There seem to be a lot of choices now for DOM manipulation, Ajax and effects. Has anyone any experience of the different options and their pros and cons?

+26  A: 

I'm throwing my hat in for jQuery. The syntax alone gives it a gold star in my book, but there is a wealth of plugins to enhance the core library.

+11  A: 

We originally chose YUI for its completeness, documentation, robustness and maturity. But I was disappointed with the large number of dependent files and the bulk of the code required to do what we wanted (popup dialogs, Ajax form enhancements and so on).

I recently looked at jQuery and was absolutely thrilled with it. I like very small, compact scripts and jQuery uses chaining to provide a fluent means of doing multiple operations in a concise and easy to follow way.

It is also special because of its way of addressing target elements using XPath-like and/or CSS-like syntax.

My only niggle with it is the use of the $ alias for the jQuery object. This can conflict with Prototype and it just confuses the hell out of me because it looks like perverted PHP. So I use its real name for clearer code - jQuery() instead of $()

It's not just for designers; if you know a bit of JS, it's extraordinarily elegant and satisfying to use. It isn't nearly as well-documented as YUI but has a well-established community and loads of tutorials. I think either of them are sound choices for a new project.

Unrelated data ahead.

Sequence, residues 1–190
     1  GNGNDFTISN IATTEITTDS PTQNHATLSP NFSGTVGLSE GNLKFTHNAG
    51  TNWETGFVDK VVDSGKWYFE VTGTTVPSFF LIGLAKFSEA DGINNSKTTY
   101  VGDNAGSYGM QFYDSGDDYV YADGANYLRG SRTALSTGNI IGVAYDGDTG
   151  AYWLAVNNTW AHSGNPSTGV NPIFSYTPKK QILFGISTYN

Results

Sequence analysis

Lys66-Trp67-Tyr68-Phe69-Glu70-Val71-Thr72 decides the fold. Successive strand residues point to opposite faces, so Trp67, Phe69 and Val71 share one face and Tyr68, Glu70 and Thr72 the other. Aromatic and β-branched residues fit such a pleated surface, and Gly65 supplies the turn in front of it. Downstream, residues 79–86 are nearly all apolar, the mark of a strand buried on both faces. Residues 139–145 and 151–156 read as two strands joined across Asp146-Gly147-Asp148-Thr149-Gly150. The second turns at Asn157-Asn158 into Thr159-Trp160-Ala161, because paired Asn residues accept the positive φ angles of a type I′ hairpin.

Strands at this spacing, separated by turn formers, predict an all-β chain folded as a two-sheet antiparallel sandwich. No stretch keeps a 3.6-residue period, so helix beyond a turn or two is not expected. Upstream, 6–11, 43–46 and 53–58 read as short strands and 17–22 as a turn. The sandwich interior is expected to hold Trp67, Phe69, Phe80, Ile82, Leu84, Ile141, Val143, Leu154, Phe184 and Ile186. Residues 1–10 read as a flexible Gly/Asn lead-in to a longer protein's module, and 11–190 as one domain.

jQuery also has a <a href="">noConflict() method</a> that releases the $ variable and uses jQuery instead. I am using this on a page where I run both jQuery and Lightbox (Prototype) and it works fine.
Nathan Long
"My only niggle with it is the use of the $ alias for the jQuery object" that's been bugging me in making a choice of a JavaScript library. Thanks for pointing out the alternative, I might otherwise have discounted it.
Sometimes I use noConflict() along with (function($){ // code using $ instead of jQuery })(jQuery);It lets me use the short form without conflicting with other libraries. It's a little weird, but it works when I need it.
+8  A: 

voting up is never as effective as just mentioning the same thing again, so....

jQuery FTW!!!

Actually, after having used Prototype, then scriptaculous, then mootools, then YUI and finally jQuery - I can honestly say that my preference is strongly for jQuery. It has the most natural extension of the DOM, and it almost makes it like "querying" the DOM for your objects and then applying styles, behaviors or whatever to those elements. And the new UI stuff they have been kicking out is top notch as well.

+7  A: 

Definitely jQuery.

I don't think it's necessarily the technically superior library in every regard, but has been gaining overwhelming popularity lately. Combine that with the fact that jQuery plugins are easy to create, and you have one of the most actively maturing frameworks available.

Dave Ward
+7  A: 

I started off with Prototype/Scriptaculous, but recently have moved onto jQuery, and have been really liking it so far - it's where my vote is placed.

It's not that Prototype/Scriptaculous are bad, but jQuery feels more concise, more consistent, and more stable (in some extreme situations I had a few weird issues with Prototype that were cleared up with point releases - I don't recall what they were off-hand).